Browsing Department of International Relations by Title
Now showing 1 - 20 of 571
Results Per Page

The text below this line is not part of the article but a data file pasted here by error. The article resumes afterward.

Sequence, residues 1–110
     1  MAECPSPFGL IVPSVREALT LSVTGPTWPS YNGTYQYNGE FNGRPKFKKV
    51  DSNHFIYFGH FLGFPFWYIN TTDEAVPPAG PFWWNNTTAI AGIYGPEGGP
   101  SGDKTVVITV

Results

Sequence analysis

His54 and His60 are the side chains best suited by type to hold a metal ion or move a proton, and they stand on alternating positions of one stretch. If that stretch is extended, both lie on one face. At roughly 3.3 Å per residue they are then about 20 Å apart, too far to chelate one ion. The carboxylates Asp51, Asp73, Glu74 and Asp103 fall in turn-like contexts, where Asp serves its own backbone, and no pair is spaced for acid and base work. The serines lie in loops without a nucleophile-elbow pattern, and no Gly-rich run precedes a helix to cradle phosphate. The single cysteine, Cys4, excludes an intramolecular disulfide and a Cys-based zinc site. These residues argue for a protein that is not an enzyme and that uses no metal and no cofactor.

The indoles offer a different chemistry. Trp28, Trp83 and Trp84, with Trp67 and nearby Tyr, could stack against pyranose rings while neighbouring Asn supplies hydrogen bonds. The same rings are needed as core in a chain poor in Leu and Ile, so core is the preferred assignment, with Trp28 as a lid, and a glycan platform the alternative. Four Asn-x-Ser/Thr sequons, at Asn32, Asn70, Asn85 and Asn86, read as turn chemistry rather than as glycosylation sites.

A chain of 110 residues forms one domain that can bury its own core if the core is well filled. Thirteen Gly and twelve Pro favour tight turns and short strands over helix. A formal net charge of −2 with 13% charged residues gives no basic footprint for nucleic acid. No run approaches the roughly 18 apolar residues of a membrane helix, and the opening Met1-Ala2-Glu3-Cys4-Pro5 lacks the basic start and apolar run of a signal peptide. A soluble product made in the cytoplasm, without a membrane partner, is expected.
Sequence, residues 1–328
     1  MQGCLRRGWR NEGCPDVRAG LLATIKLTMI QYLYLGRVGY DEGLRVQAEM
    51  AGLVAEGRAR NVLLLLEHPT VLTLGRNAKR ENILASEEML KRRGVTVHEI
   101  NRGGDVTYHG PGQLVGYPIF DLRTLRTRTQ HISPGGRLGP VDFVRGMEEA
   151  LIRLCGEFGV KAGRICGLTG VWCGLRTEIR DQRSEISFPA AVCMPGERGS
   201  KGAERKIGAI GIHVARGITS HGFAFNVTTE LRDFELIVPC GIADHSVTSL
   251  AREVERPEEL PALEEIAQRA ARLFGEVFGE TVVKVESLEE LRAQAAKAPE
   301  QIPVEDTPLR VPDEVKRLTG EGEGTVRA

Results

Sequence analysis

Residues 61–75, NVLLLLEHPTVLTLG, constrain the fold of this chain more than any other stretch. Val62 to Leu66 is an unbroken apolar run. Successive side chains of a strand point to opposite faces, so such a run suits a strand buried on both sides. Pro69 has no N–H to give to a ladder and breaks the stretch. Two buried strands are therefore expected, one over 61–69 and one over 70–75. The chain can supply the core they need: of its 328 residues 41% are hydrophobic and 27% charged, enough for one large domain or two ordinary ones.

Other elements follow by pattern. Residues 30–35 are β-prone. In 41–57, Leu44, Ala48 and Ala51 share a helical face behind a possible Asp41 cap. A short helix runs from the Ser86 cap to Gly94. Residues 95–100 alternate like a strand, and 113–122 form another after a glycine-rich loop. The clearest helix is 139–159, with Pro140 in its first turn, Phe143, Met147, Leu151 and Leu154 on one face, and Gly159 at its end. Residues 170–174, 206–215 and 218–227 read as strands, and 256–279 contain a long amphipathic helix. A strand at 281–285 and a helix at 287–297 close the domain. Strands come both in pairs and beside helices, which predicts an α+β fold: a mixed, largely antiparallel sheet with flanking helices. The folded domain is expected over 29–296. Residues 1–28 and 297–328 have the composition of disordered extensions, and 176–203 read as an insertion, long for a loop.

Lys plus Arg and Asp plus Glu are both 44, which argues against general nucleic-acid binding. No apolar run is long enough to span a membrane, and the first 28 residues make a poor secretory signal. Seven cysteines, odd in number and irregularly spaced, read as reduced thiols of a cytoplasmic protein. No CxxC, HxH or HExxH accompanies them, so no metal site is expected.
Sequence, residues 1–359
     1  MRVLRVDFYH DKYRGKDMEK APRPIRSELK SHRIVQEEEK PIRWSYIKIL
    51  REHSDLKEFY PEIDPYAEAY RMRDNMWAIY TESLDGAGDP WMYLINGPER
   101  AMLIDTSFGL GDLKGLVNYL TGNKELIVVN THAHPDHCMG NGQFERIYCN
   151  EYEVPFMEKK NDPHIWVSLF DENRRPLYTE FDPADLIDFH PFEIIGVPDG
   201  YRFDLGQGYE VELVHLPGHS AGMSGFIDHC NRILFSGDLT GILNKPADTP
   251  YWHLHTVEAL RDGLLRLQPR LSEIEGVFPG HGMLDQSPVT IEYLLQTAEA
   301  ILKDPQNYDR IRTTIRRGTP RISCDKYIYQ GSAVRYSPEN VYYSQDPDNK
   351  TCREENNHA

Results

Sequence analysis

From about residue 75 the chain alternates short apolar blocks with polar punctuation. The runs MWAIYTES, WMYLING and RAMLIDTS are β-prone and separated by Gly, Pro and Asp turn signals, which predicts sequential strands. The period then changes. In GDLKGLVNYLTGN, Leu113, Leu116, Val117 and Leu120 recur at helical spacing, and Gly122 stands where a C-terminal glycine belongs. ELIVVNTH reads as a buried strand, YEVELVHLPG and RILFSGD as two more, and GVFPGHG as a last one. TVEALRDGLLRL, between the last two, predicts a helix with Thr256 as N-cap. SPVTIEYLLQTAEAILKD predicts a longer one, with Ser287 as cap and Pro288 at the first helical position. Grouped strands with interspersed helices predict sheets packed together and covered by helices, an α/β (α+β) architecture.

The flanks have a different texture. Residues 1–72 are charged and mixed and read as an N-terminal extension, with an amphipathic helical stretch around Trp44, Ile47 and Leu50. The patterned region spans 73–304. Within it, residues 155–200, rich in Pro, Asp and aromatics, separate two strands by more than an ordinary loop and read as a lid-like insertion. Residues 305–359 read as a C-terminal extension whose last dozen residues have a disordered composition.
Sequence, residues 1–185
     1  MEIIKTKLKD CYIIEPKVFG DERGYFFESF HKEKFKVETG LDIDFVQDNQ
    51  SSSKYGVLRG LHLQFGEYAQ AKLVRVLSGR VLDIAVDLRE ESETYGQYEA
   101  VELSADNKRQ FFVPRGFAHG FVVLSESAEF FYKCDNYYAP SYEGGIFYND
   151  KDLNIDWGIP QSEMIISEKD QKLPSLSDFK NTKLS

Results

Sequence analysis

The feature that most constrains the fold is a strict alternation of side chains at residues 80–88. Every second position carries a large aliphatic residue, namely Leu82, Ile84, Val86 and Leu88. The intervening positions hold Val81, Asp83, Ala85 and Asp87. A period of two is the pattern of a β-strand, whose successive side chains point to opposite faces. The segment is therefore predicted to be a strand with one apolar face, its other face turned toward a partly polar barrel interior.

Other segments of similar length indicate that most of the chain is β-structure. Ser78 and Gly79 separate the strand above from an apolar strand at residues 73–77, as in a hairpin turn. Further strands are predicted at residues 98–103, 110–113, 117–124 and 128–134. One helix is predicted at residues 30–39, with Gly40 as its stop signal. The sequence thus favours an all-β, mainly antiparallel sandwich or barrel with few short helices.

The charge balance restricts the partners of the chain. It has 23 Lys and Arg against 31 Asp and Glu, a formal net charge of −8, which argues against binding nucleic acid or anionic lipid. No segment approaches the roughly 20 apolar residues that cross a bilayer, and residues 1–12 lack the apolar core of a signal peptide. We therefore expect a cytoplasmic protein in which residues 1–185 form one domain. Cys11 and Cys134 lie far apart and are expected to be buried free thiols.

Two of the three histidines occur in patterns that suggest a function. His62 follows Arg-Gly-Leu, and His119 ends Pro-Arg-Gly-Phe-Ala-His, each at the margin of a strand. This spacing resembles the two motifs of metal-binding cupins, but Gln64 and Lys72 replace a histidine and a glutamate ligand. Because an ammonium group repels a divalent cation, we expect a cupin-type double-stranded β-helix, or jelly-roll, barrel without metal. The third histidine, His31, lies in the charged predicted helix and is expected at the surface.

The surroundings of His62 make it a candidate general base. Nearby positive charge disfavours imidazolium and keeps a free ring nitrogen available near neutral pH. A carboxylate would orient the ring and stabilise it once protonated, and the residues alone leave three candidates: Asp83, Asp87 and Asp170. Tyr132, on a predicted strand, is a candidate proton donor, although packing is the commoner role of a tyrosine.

Item Open Access9/11 was an instance of transnational balancing: An intervention in statist IR theory(SAGE, 2022) Aydinli, Ersel; Aydinli, ErselWith the end of the Cold War and through the start of the 21st century, conventional IR theories were anticipating an eventual balancing against the United States. Puzzled when this phenomenon did not occur, balancing theorists engaged in a lively discussion, bringing with it the development of proposed alternative forms of balancing and a debate over whether the concept itself had perhaps outlived its relevance. This article reengages with this discussion, suggesting that many of the involved theorists were hampered by theoretical blinders based on statism, and that in fact balancing did occur, but in an unconventional manner and at the hands of an unexpected suspect: al Qaeda, a violent non state actor, acting in a transnational manner. In this context, this article treats the 9/11 attacks of the violent Jihadist anti-Western movement as an instance of balancing against the hegemon, a successful one in that the Jihadists arguably aimed not at “winning,” but at revealing the superpower’s weaknesses so that others would subsequently join the balancing effort. By failing to view the Jihadists’ efforts as an ideological balancing effort, the United States responded with force rather than ideational counter-balancing. They waged a war instead of emphasizing efforts to separate the radical violent Jihadist perpetrators from the idea they were championing—a struggle in the name of Muslims/the downtrodden East against the United States—and thus allowing the challenger to rise into a position of "dissident" in the Muslim world, and, arguably, paving the path for today’s state revisionist behaviors. The article proposes a framework based on traditionally state-based concepts of intent and impact/capacity to show how non-state actors can in fact balance superpowers and therefore should be incorporated into balancing theories, and presents the actions of the violent Jihadists as an example of transnational, ideational balancing—a phenomenon as real and consequential as state-balancing. Item Open Access Item Open AccessAcceptance and anxiety: Turkey (mostly) embraces Obama's nuclear posture(Routledge, 2011-03) Kibaroglu, M.US nuclear weapons have been an important part of Turkey's security strategy since their first deployment on Turkish soil in the early 1960s. Turkey's NATO membership and its close relationship with the United States have been perceived to be integral to maintaining its security. The release of the 2010 US Nuclear Posture Review (NPR), with its focus on disarmament and reduced reliance on nuclear weapons, has a number of potential consequences for Turkey. This article provides background on the history of Turkish-US nuclear weapons policy in light of issues ranging from Middle Eastern politics to the development of NATO's new Strategic Concept. It then describes how actors in the government, military, and academia in Turkey have reacted to the NPR, why they reacted as they did, and how the Obama administration's initiatives may be received in Turkey in the future. This article concludes that both military and civilian actors in Turkey have reacted favorably to the NPR and are pleased by its emphasis on nuclear nonproliferation and the maintenance of extended deterrence; however, there is less agreement in Turkey about the emphasis placed by the NPR on the danger of nuclear terrorism. Item Open AccessThe activities of the "Union for the Liberation of Ukraine" in the Ottoman Empire during the First World War(Routledge, 1998) Kırımlı, H. Item Open AccessAdaptive states and the new transnational security regime(Routledge, 2010) Aydınlı, Ersel; Aydınlı, Ersel Item Open AccessAddressing Kurdish separatism in Turkey(Palgrave Macmillan, 1999) Müftüler-Baç, Meltem; Ross, M. H.; Rothman, J.One of the ongoing themes in descriptions of ethnic conflicts and their settlement is that there is a role for a wide range of interveners. The reason for this may be simple: that there is a great deal which needs to occur before hostile groups can find ways to live together in relativepeace. A well-developed theory of ethnic conflict resolution would not only take into account the roles that different actors can play in the process, but would also offer insights into the particular roles each might play at different stages of a conflict. Item Open AccessThe Aegean disputes(Foreign Policy Institute, 2004) İnan, Yüksel; Acer, Y.; Karaosmanoğlu, Ali L.; Taşhan, S.The present study aims at evaluating, in their present situation, the Aegean disputes by reflecting particularly the Turkish views of the issues in an objective manner without a particular effort to judge who is right and who is wrong. The review excludes the disputes over the air traffic service (ATS) and the related ones to that and also over the military conducts within NATO, due to both space limitations and the need to focus on the other issues that draw the attention of the public. Item Open AccessAegean territorial waters conflict: an evolutionary narrative(Sage Publications Ltd., 2004) Güner, S. Ş.Delimitation of the territorial waters and continental shelf in the Aegean Sea constitutes a constant source of conflict and produces recurrent crises between Greece and Turkey. This article explores directions that the Greek-Turkish dispute over the delimitation of territorial waters can take through an evolutionary game framework. Crises are found to follow routines and practices involving challenges to the status quo and reactions preceding mutual retreat. Hence, the status quo in the Aegean Sea can persist even in the form of aggressive behavior. It is also possible that the dispute will evolve into a stable state of conflict where no cooperative foreign policy can survive. Item Open AccessAfter Khomeini: The Iranian Second Republic /Author: Ehteshami, Anoushiravan. London: Routledge, 1995. 221 pages+Bibliography+index. ISBN 0-415-10878-0(Uluslararası Stratejik Araştırmalar Kurumu, 2007) Bilgen, Arda; Bilgen, ArdaIranian Revolution was one of the most significant events ever witnessed. The revolution changed the regime of a big country and affected the region as it affected the whole world. The regional and global impact of Ayatollah Khomeini was so intense that the Islamic movements in Iran made particular regional countries and Western countries worry. The future of the alternating Iran was vague, it became vaguer after the death of Khomeini; everyone wondered how a leader could replace his charismatic leadership. The events after Khomeini, such as changes in foreign and regional policy of Iran, change in economy, security and defense strategy of the Second Republic should be examined carefully in order to understand the maneuvers Iran makes today. Hence, to be informed of this considerable event and able to interpret the stages Iran passed to reach the current status, revolution, Khomeini and post-Khomeini events and figures have to be learnt. After Khomeini: The Iranian Second Republic is the right book to read to inform. Item Open AccessAid‐supported governance reforms in Solomon Islands: Piecemeal progress or persistent stalemate?(Wiley, 2020-05) Şahin, Selver B.; Shahin, Evgeniia; Şahin, Selver B.; Shahin, EvgeniiaMotivation:Despite seeming donor–recipient consensus on the importance of effective governance, aid‐linked reforms often fall short of the expected outcomes. Solomon Islands provides a highly relevant case to explore the dynamics of institutional reform processes, and understand why, even in a relatively favourable operating environment, structural reforms are difficult to implement. Purpose:This article aims to provide empirically grounded analysis of key factors that hinder institutional change in fragile aid‐receiving countries by addressing the reciprocal (rather than unilateral) constraints and trade‐offs faced by both recipients and donors, and examining their implications for the emerging institutional trajectories in host states. Approach and Methods:This study is based on the use of a single case study that involves in‐depth review of related academic and policy literature, and media reports through the lens of “mutual dependencies.” Findings: Solomon Islands’ recent experience with the regulation of Constituency Development Funds and tertiary scholarships makes it clear that by continuously postponing the implementation of relevant policies, domestic authorities try to avoid the potential costs institutional reforms are likely to create. Similarly, donors concerned about their own strategic interests and power relationships with other actors remain unable to enforce full implementation of such reforms. The process in Solomon Islands further confirms that political trade‐offs facing all actors in different forms have a constraining effect on the achievement of desired policy objectives. Policy Implications: Policy reforms require domestic authorities to develop specific mechanisms that have the potential to secure popular support in favour of proposed structural changes. Donors need new and more evidence‐based approaches that may help balance between their strategic concerns and the achievement of institutional outcomes. Item Open AccessAn alternative account of the populist backlash in the United States: a perspective from Turkey(Cambridge University Press, 2019) Esen, Berk; Yardımcı-Geyikçi, Ş.; Esen, BerkScholars tend to assume that consolidated democracies are free from the global retreat of democracy due to their strong institutions and economic development. Yet, populist forces that challenge the liberal democratic model have started to increase their support even in Western countries. However, in no country has democratic backsliding taken scholars by more surprise than in the United States. This article addresses the question of how a populist figure like Donald Trump managed to win the presidential election and subsequently undermined the democratic institutions in one of the world’s oldest democracies. We contend that the upsurge of populist leaders in contemporary Western democracies resulted from the political establishment’s failure to juggle responsiveness and responsibility simultaneously. In addition to our discussion of American politics, we draw parallels with the Turkish case to demonstrate our causal argument and offer suggestions on how to reverse democratic backsliding in the United States. Item Open AccessAlternative futures for the European Union-Turkey accession negotiations(Metropolitni Univerzita Praha, 2013) Güner, S. Ş.This work proposes a simple two-period interaction model to study EU-Turkey accession negotiations. Turkey perceives the EU as composed of two distinct groups with respect to its accession: traditional supporters and objectors. Supporters opt for either cooperation or defection in period one while objectors consistently oppose Turkish accession. Turkey reacts to cooperation and defection in the second period under its perceptions of EU support. Future uncertainties concerning Turkey's accession do not prevent supporters' cooperation provided that Turkey becomes successful in economics, political reforms, and foreign policy. Turkey continues to negotiate not because it appreciates supporters' cooperation but because no supporter defects. Supporters become concerned about the future interacting with a failing Turkey. Unlike impatient supporters that are less concerned about the future, patient supporters oppose a failing Turkey's accession. Turkey then extremely appreciates supporters' cooperation but quits accession process that becomes highly costly. Item Open AccessAlternative futures for the Middle East(Pergamon Press, 2001) Bilgin, P.This paper investigates alternative futures of security in the Middle East in an attempt to discover a path that could take the region from an insecure past to a more secure future. Looking at five scenarios about the future of world politics, namely, globalisation, fragmentation, clash of civilisations, democratic peace and the formation of a security community, the paper argues that although each scenario has its strengths (as well as weaknesses), it is the scenario that foresees the establishment of a security community that incorporates a more explicit consideration for shaping a more secure future for the Middle East. Item Open AccessAnalysing macro-poverty linkages of external liberalisation: gaps, achievements and alternatives(Wiley-Blackwell Publishing Ltd., 2005) Gunter, B. G.; Taylor, L.; Yeldan, E.CGE modelling has dominated analysis of the impact of external liberalisation on poverty. This article provides a structuralist critique of standard neo-classical CGE models. It highlights five sets of gaps and partial achievements in the modelling of issues affecting the poverty impact of macroeconomic policies: duality and structural rigidities; efficiency gains and quota rents; the investment and savings specification; the nature of public expenditures; and the modelling of financial fragility, risk premia and issues of credibility. It outlines a model that makes it possible to analyse more plausible stories about the impact of both current and capital account liberalisation and questions the realism of existing approaches to ex-ante poverty impact assessment. © Overseas Development Institute, 2005. Item Open AccessAn analysis of integrative outcomes in the Dayton peace negotiations(Emerald Publishing Limited, 2000) Beriker-Atiyas, N.; Demirel-Pegg, T.The nature of the negotiated outcomes of the eight issues of the Dayton Peace Agreement was studied in terms of their integrative and distributive aspects. In cases where integrative elements were found, further analysis was conducted by concentrating on Pruitt's five types of integrative solutions: expanding the pie, cost cutting, non-specific compensation, logrolling, and bridging. The results showed that real world international negotiations can arrive at integrative agreements even when they involve redistribution of resources (in this case the redistribution of former Yugoslavia). Another conclusion was that an agreement can consist of several distributive outcomes and several integrative outcomes produced by different kinds of mechanisms. Similarly, in single issues more than one mechanism can be used simultaneously. Some distributive bargaining was needed in order to determine how much compensation was required Finally, each integrative formula had some distributive aspects as well. Item Open AccessAnarchy meets globalization: a new security dilemma for the modernizing state(State University of New York Press, 2005) Aydınlı, Ersel; Rosenau, J. N.; Aydınlı, Ersel Item Open Access“... And the entire mass of loyal people leapt up ”. The attitude of Nicholas II towards the pogroms(Ecole des Hautes Etudes en Sciences Sociales (E H E S S), 2004) Podbolotov, S.The article examines the attitude of the last Russian emperor Nicholas II towards one of the most tragic events which happened during his reign, the pogroms. The story, as the author argues, is important to understand the worldview, the political portrait of the last tsar and the pogrom phenomenon in late imperial Russia. The author supports his arguments with the archival and newly published documents or recent scholarship. The tsar's letters, remarks concerning the pogroms, and particularly his policy towards those responsible and towards pogromists are in the centre of the analyses. The major wave of pogroms that swept through Russia after the publication of the October 1905 Manifesto is considered within the context of a Russian bunt, a general anarchy of those days. The article analyses the social make-up of pogromists who emerged from wide illiterate lower social strata. The pogroms demonstrated that the autocracy of Nicholas II had some popular support in the struggle with revolution, even if of an extremely dubious character. Nicholas II, like an old-fashioned admirer of the idea of unity between tsar and people, straightforwardly explained pogroms as a rise of his most loyal subjects against the alien revolutionary plotters which had, however, as he admitted, horrible consequences. Convinced that the violence had to be prevented and not tolerated, Nicholas II at that critical time was in a way pleased that his imagined Rus' where all simple "true-Russians" were ready to defend the tsarist autocracy, as it seemed to him, came true.